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Are You Suffering From Acute Stress & Anxiety?

Acute stress sounds like something you have when you are really worried about a job interview, or about missing your flight. In reality, however, it is more serious than that. Psychologists define acute stress as a mental disorder resulting from previous trauma. Similar to post-traumatic stress disorder (PTSD), acute stress disorder (ASD) was classified as its own separate disorder in 1994, though some experts still claim that ASD is merely a variation on PTSD.

This article will provide an overview of the cause and symptoms of acute stress disorder, the key differences between ASD and PTSD, and the preferred methods of treatment.

Acute Stress Disorder?

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Cause and Symptoms of Acute Stress Disorder (ASD)

Acute stress was essentially created for those that are already exhibiting PTSD like symptoms, so that if severe anxiety is expected the person can control it. If the trauma was severe, it's often a good idea to speak with a professional. You can also consider taking my anxiety test to learn more about your anxiety.

ASD occurs when the person has experienced a trauma. Usually the person experiences the trauma themselves, like violence or a car accident or rape or war. However, it's possible to simply witness it, and in rare cases it's possible to experience it simply through your imagination. During or after the traumatic event, the person experiences three or more symptoms specific to ASD:

  • Emotional or mental numbness.
  • Feeling as though the world around you is "unreal."
  • Feeling as though you're outside of yourself.
  • Struggling to keep aware of your surroundings.
  • Amnesia to the event.
  • Experiencing the trauma through flashbacks and images.
  • Avoiding anything that resembles the trauma.
  • Increased arousal and anxiety, including hypersensitivity to noise, trouble sleeping, heightened startle reflex, and more.

Those with acute stress disorder also seem to show a higher stress baseline, where they are more easily anxious or upset in smaller situations. They are regularly reliving some parts of the event, and in rare cases can actually picture it happening to them again and again.

How ASD Differs From PTSD

If you know anything about post-traumatic stress disorder, these symptoms sound very familiar. That's because the symptoms are nearly identical. In fact, a diagnosis of ASD becomes a diagnoses of PTSD almost automatically if the symptoms continue for beyond 30 days. ASD was characterized as a disorder because originally PTSD required 30 days or more of suffering, and in hospital settings there are many people that experience this type of severe stress after experiencing a traumatic event.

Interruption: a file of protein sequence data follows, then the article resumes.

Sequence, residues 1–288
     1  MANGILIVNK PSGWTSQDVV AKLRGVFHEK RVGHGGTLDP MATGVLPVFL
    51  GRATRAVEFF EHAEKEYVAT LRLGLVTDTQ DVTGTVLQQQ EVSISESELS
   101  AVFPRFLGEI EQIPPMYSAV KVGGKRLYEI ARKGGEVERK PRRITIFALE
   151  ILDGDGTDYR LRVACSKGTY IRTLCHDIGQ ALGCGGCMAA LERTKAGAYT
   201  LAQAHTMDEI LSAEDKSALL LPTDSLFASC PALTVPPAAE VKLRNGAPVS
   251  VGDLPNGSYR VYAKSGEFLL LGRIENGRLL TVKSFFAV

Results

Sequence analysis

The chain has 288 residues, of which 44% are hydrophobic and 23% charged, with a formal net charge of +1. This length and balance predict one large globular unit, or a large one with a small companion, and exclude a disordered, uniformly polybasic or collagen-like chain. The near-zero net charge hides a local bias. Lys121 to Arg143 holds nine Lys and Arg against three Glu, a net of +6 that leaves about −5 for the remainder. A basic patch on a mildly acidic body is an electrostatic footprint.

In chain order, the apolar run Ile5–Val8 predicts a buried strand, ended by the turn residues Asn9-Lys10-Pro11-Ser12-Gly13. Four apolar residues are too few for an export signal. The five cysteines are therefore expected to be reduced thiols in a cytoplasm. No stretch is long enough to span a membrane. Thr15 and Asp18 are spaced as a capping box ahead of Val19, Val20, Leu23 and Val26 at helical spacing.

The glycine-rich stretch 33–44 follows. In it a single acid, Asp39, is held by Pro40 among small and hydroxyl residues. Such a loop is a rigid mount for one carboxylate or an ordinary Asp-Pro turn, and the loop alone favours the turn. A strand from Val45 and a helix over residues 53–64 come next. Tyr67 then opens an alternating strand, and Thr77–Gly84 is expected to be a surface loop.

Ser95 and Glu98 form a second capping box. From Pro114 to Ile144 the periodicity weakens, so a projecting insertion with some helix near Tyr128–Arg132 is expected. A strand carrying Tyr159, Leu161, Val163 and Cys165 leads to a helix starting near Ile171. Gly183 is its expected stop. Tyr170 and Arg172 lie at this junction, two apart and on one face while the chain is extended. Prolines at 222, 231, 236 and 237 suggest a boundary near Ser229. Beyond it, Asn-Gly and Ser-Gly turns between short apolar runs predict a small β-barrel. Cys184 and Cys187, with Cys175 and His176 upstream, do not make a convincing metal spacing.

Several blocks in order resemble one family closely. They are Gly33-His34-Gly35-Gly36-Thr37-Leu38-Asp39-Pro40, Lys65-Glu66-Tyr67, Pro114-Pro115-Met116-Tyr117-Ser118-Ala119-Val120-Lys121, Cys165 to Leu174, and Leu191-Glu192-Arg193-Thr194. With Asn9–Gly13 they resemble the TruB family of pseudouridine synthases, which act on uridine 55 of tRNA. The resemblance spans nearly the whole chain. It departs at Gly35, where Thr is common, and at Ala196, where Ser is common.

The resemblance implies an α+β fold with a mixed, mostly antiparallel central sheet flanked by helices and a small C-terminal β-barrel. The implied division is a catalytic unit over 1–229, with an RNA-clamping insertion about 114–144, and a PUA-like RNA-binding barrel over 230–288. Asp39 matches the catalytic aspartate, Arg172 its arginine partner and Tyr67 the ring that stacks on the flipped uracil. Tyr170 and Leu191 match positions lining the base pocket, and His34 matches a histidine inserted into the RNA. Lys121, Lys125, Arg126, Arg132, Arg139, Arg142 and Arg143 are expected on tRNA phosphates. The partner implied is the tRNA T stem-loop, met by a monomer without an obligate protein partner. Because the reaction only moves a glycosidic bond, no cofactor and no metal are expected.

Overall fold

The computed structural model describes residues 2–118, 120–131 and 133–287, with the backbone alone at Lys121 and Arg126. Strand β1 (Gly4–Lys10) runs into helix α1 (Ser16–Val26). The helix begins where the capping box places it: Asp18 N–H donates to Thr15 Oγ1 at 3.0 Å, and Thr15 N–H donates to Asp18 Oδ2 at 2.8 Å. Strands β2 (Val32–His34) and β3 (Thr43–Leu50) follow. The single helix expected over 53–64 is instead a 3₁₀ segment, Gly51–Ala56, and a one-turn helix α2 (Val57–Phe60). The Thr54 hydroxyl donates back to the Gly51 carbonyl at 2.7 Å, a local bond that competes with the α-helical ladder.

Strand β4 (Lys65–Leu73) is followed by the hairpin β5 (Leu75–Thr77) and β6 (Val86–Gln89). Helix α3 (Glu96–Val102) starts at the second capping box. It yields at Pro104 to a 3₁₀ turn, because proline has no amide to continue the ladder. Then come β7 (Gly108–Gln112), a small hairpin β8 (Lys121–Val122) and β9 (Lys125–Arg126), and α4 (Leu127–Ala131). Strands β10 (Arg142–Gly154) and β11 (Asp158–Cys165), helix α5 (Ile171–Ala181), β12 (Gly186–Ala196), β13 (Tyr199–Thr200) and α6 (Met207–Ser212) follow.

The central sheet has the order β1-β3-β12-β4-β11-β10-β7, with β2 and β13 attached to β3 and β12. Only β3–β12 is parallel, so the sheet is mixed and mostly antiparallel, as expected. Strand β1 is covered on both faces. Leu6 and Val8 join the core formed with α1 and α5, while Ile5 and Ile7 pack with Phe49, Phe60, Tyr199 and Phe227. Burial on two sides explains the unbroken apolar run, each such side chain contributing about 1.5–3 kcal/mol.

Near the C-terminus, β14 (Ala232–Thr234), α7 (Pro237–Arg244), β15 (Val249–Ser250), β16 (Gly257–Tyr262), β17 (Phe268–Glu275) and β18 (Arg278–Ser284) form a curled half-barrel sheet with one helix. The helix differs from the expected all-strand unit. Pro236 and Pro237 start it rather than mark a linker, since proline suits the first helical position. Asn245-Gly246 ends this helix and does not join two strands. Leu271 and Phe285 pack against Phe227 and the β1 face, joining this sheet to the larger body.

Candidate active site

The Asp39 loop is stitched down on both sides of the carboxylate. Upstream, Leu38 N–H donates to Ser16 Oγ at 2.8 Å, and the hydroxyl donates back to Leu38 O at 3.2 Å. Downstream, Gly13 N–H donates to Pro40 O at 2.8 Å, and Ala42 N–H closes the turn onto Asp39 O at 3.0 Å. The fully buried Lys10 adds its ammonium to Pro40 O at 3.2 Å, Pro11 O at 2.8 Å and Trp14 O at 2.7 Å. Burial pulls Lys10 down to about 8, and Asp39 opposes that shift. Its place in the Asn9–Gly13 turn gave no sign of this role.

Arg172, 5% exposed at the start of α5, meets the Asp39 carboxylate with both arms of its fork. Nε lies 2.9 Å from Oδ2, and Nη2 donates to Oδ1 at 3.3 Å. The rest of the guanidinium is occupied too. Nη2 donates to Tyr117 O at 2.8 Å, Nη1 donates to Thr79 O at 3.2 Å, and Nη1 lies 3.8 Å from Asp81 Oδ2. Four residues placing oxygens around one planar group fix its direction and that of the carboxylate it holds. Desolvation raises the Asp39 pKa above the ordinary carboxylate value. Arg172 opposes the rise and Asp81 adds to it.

ASD can be diagnosed as soon as 2 days of these symptoms are experienced after an event occurs. In some cases, the symptoms may go away on their own, but many do develop into PTSD, and PTSD can last for a long time without help. That's why treating ASD is so important.

It should also be noted that those with ASD also tend to have more severe dissociative symptoms, causing them to be more withdrawn, irritable, detached, and possibly in denial of the event. ASD tends to be incredibly severe, possibly due to the recentness of the event.

How to Treat ASD

Antidepressant medication and/or short-term therapy are common methods of treating ASD. Cognitive behavioral therapy (or CBT) in particular was found to be effective in preventing ASD from developing into PTSD. In the trials in which CBT was most effective, both exposure therapy and cognitive restructuring were employed.

Exposure therapy involves the controlled exposure of individuals with ASD to stimuli that remind them of past trauma in a controlled and safe environment in order to teach their brains that extreme fear responses are unnecessary. Studies have shown that those that try to avoid the event start to fear it more, which in turn makes it worse. Exposure therapy systematically reduces the triggers of acute stress so that it becomes something the mind doesn't fear.

Cognitive restructuring involves talking with an individual with ASD to discover the negative beliefs and thought patterns that surround the past event and reminders of the past event and teach them to internalize more positive and healthy ones.

Other potential treatments include alternative treatments such as meditation, acupuncture, and self hypnosis. These types of treatment are not clinically proven or guaranteed to work, but are occasionally suggested by those that want to avoid medication or more intensive options. Ideally they should be avoided.

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